When he said nothing more but rather lay still with his eyes closed and that slight frown, Emma figured she’d better leave him alone. Maybe he had a headache, and grownups could get awfully snappish with those. Or maybe his wounds hurt him, more likely this, she supposed, wishing for the thousandth time that it weren’t her fault. As silently as she had entered, she tiptoed from the room, leaving the door open in case he needed to call for help, though something told her he’d rather do anything than that. She had hoped to spend longer with him, maybe working her way around to apologizing for putting him into such a predicament–she liked that word, the way it toyed with her tongue–but he seemed too weak even for listening. Why was it, she wondered, that all the grownups in her life were suddenly so sick or hurt or badly behaved that no one could even talk to her? Or play checkers. Or bake cookies. Or anything.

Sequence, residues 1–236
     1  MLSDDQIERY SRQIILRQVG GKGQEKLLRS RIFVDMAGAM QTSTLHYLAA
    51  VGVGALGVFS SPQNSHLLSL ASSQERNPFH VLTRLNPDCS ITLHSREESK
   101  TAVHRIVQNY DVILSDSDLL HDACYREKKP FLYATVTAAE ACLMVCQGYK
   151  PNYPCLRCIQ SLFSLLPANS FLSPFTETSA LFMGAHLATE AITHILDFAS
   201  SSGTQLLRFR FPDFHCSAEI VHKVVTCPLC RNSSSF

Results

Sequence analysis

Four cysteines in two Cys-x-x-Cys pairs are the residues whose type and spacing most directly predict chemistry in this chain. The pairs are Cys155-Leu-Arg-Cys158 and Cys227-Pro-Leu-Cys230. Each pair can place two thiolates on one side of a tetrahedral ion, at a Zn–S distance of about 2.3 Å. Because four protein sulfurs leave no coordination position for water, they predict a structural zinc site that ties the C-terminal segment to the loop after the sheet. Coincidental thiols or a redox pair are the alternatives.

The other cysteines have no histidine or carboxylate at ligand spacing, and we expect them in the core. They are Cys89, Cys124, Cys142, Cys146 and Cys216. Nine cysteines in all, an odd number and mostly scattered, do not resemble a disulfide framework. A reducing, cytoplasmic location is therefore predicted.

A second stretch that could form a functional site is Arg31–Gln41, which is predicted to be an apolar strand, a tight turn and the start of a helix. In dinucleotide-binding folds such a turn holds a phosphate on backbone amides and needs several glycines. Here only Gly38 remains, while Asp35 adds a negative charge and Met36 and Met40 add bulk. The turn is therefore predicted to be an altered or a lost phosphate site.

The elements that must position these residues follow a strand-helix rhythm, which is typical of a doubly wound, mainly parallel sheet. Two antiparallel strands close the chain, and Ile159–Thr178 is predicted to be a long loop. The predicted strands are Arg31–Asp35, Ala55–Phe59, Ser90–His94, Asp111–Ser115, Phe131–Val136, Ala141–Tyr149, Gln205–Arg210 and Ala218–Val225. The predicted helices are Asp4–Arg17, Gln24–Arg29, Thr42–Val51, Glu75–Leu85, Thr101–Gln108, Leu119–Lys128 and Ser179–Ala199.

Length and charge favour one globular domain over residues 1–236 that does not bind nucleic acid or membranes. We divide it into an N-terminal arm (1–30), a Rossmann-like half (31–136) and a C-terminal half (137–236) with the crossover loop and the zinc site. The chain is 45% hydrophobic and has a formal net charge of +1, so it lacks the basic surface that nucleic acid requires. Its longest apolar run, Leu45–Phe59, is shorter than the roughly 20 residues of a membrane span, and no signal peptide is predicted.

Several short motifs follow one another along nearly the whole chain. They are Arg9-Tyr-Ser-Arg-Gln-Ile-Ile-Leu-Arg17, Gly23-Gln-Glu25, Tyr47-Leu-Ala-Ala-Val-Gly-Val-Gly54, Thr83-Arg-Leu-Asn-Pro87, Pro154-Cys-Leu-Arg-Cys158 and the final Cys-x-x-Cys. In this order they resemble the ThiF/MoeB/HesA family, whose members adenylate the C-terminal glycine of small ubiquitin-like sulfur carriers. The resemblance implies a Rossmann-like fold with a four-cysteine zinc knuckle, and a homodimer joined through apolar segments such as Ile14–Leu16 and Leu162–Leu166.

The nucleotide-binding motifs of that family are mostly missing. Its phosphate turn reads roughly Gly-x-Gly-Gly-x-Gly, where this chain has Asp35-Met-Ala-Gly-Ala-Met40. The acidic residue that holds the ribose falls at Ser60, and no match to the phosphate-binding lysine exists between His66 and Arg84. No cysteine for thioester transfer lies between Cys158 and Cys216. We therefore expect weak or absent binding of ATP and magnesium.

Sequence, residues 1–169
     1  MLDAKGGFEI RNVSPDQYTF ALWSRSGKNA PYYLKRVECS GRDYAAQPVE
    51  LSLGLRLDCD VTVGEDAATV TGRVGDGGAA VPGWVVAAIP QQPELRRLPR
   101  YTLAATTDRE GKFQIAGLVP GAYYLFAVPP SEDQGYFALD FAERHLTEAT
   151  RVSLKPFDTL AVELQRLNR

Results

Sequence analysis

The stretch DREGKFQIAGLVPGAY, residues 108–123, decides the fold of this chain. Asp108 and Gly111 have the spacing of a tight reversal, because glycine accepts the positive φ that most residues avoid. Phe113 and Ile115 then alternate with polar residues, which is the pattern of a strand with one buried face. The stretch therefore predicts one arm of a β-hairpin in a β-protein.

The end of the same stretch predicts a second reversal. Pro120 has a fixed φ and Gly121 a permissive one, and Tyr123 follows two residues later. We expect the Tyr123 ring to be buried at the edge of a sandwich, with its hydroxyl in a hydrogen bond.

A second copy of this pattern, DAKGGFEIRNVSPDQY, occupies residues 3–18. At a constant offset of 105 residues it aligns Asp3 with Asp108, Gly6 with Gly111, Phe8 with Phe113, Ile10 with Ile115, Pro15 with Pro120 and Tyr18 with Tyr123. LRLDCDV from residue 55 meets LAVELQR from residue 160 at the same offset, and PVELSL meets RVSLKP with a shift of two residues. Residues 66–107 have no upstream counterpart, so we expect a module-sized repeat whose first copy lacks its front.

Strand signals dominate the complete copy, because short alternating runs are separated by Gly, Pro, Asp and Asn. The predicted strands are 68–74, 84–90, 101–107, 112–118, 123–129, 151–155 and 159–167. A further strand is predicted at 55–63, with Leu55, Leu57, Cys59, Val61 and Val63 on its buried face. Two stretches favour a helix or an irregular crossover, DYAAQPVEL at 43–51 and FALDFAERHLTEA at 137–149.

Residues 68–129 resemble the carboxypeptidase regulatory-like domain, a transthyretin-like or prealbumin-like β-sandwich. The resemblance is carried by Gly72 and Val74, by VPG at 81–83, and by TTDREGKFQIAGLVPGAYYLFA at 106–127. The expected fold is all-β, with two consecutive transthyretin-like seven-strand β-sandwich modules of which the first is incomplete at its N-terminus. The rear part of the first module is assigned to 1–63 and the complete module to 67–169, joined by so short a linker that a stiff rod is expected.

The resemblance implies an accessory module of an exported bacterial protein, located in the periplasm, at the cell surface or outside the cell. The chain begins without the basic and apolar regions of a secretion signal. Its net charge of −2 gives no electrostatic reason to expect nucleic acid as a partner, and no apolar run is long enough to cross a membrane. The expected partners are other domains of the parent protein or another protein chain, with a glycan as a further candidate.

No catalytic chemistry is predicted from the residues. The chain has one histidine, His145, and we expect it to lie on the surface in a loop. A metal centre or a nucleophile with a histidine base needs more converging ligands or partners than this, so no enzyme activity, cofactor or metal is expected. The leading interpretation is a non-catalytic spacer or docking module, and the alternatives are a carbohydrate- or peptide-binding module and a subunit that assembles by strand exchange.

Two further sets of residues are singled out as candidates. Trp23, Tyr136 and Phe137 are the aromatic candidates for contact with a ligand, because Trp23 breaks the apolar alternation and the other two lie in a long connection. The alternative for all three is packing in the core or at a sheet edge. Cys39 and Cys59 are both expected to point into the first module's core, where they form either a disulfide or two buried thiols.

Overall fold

With a sigh, she shoved her feet into boots already too snug and headed for the barn. As she walked outside into the early morning sunshine, she remembered she had left the carbine in the woods.
Johnny dozed. Although he detested taking laudanum he might’ve given in now, just one sip, anything to ease the fire in his arm and side. He’d slept horribly, hurting when he moved but unable to lie still, feeling a fever creep into his system and begin to climb, slowly, inevitably. He couldn’t tell which wound brought it on because both hurt the same. Chances were it was the one in his ribs; though he assumed Hannah Skinner had eventually dug out the bullet, maybe a fragment of cloth remained, or just a bit of dirt. Even with the carbolic it didn’t take much, and he knew from when she’d stuck the damned knife into him that the wound was deeper than he’d first thought.